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Sins In The Scarlet Letter By Nathaniel Hawthorne

1894 words - 8 pages

“Be true! Be true! Be true! Show freely to the world, if not your worst, yet some trait whereby the worst may be inferred” (Hawthorne). As this sentence is read in the The Scarlet Letter, the reader will realize that the main theme of the book is the sentence above. Throughout the book, secret sin damages the lives, soul, and the integrity of the main characters. However, it could have easily been evaded through open confession of their sins. Nathaniel Hawthorne’s purpose in writing this novel is an attempt to influence the reader to openly confess their sins and never be ashamed of who they are. According to Levine, “even though we convey ourselves as saints, we are really sinners (Levine 64). The Scarlet Letter is a classic work of Hawthorne due to the themes it portrays and the relevancy to today’s society. By definition, “A classic is a work of art so universal that it has transcended the boundaries of time and place; it has survived the ‘test of time’” (Lazarus). In the highly symbolic novel, “The Scarlet Letter”, Nathaniel Hawthorne explores the effects of hidden sin and his characters’ ultimate release from guilt when they learn to own their sin.
It all started when Nathanial Hawthorne was born on July 4, 1804. One of his ancestors was a judge in the Salem witchcraft trials, so he added the letter “w” to his last name to make any relations ambiguous. “When he was a child, he took great interest in classical literatures of Shakespeare, Edmund Spenser, John Buyon, Sir Walter Scott, and endless gothic romances”(Bloom 11). “He attended Bowdoin College in Maine where he joined the Athenean Literature Society and wrote many short stories” (Bloom 11). The time spent studying at Bowdoin College, greatly influenced his future career as a writer. His first published novel was, “Fanshawe”, which focused on his college years. Since he was embarrassed of his work, he later extracted the book from the shelves and destroyed every copy he found. After that, he published various works of literature but none of which “received popularity or critical attention” (Bloom 12). He continued to produce literary work but the success came when he introduced “The Scarlet Letter” (Bloom 13). It brought him both financial and critical success when it was published in 1850, and paved the way for more monumental novels (Bloom 13).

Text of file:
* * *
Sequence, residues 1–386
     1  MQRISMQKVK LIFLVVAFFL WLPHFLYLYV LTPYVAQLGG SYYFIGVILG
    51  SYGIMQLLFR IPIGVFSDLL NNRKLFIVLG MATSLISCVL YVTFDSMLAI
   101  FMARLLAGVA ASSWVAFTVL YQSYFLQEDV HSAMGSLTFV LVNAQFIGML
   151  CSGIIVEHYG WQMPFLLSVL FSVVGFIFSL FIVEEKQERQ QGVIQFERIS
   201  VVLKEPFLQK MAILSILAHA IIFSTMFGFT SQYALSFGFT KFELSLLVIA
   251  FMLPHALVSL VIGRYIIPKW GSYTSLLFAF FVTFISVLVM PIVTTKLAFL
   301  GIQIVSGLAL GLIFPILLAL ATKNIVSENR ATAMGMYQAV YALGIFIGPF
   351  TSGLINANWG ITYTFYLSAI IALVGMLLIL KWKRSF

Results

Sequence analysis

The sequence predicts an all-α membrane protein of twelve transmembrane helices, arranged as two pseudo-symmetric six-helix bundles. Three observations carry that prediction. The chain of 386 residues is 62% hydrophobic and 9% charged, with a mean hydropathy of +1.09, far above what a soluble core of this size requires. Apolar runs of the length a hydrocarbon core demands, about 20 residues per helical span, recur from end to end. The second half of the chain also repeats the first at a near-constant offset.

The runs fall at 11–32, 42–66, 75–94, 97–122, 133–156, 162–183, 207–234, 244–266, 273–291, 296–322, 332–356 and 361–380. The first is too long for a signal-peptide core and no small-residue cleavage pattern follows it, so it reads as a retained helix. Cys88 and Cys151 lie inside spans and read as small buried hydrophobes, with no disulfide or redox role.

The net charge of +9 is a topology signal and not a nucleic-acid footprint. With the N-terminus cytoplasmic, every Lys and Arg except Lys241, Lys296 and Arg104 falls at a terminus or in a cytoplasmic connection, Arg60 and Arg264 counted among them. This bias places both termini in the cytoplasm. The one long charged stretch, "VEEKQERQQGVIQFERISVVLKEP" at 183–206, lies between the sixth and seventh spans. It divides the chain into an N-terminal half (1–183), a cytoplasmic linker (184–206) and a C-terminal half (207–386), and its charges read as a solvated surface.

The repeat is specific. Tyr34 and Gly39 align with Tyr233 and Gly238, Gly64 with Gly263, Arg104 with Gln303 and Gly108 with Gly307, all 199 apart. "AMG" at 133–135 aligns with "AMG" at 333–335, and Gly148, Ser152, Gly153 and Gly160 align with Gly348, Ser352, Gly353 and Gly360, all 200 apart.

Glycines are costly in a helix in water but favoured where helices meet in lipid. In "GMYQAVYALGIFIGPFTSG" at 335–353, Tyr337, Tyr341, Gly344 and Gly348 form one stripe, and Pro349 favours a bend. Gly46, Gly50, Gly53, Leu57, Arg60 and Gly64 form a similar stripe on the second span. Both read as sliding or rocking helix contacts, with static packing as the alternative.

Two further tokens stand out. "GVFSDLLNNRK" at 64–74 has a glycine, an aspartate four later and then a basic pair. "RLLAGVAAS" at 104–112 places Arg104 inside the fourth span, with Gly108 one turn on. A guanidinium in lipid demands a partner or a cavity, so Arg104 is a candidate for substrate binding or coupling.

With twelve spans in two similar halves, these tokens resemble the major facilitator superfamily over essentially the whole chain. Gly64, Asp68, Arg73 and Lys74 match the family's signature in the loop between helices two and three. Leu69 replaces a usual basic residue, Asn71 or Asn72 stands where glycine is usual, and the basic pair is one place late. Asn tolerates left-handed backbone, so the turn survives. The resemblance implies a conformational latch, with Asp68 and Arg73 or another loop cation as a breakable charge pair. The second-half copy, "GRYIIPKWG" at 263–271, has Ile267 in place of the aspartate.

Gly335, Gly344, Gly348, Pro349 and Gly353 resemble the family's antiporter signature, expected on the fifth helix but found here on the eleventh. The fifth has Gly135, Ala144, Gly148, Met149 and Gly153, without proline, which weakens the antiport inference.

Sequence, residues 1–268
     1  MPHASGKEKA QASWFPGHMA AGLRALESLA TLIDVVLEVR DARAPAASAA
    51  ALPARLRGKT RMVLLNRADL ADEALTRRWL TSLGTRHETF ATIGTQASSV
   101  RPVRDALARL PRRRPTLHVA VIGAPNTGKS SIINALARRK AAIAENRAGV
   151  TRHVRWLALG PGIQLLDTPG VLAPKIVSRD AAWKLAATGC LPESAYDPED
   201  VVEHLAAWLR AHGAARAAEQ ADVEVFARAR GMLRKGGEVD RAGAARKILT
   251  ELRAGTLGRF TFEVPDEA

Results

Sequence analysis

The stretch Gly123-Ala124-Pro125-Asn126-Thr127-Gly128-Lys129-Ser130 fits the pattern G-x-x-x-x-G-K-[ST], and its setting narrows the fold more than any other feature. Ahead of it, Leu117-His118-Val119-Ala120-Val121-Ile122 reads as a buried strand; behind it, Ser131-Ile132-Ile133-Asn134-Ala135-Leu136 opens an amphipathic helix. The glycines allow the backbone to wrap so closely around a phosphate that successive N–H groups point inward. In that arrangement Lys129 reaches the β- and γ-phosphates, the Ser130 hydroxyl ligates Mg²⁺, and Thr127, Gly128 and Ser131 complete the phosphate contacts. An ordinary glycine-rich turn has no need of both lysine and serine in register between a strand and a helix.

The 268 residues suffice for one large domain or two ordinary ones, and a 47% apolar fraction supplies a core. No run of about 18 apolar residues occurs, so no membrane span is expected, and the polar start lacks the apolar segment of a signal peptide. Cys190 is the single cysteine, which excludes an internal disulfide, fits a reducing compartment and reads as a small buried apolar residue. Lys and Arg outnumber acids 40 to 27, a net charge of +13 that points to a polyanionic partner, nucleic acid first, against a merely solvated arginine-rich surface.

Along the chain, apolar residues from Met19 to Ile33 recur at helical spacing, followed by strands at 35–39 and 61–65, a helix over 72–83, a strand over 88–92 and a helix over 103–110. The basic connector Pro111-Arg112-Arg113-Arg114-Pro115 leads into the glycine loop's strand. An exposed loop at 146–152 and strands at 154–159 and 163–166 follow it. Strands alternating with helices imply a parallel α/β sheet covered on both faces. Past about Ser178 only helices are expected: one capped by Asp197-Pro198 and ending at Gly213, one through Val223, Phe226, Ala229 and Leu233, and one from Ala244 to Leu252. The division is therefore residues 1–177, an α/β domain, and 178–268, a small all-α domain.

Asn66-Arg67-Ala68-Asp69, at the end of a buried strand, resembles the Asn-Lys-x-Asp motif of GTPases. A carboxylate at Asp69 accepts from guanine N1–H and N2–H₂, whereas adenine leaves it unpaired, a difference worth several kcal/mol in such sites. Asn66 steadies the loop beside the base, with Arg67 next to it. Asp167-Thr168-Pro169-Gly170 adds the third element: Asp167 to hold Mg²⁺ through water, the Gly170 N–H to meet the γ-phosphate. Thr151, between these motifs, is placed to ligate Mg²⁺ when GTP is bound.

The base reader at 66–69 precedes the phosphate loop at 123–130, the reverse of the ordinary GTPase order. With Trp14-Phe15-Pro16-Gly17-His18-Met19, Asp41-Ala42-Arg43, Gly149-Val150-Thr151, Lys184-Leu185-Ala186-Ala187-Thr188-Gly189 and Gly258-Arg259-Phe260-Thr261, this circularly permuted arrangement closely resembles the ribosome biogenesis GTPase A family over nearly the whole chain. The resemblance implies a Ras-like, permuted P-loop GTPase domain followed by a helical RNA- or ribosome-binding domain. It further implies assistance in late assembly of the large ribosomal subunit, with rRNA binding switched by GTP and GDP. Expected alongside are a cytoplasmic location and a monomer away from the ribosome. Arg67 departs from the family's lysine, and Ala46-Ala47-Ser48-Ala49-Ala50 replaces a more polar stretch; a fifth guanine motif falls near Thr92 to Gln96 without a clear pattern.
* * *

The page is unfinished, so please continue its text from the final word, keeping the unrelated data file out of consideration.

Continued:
Hawthorne wrote The Scarlet Letter in an era commonly referred to as “The Transcendentalist Movement” (“The Scarlet Letter”). “Transcendentalism a reaction against the rationalism of the previous century and the religious orthodoxy of Calvinist New England, it stressed the romantic tenets of mysticism, idealism, and individualism” (“The Scarlet Letter”). It sees God as an important part of a person and the world, God was not a “harsh distant figure” (“The Scarlet Letter”). Simultaneously, Puritan values and ideas also played a major role in shaping The Scarlet Letter. “The Puritans are all alike and, taking themselves for the standard, see...

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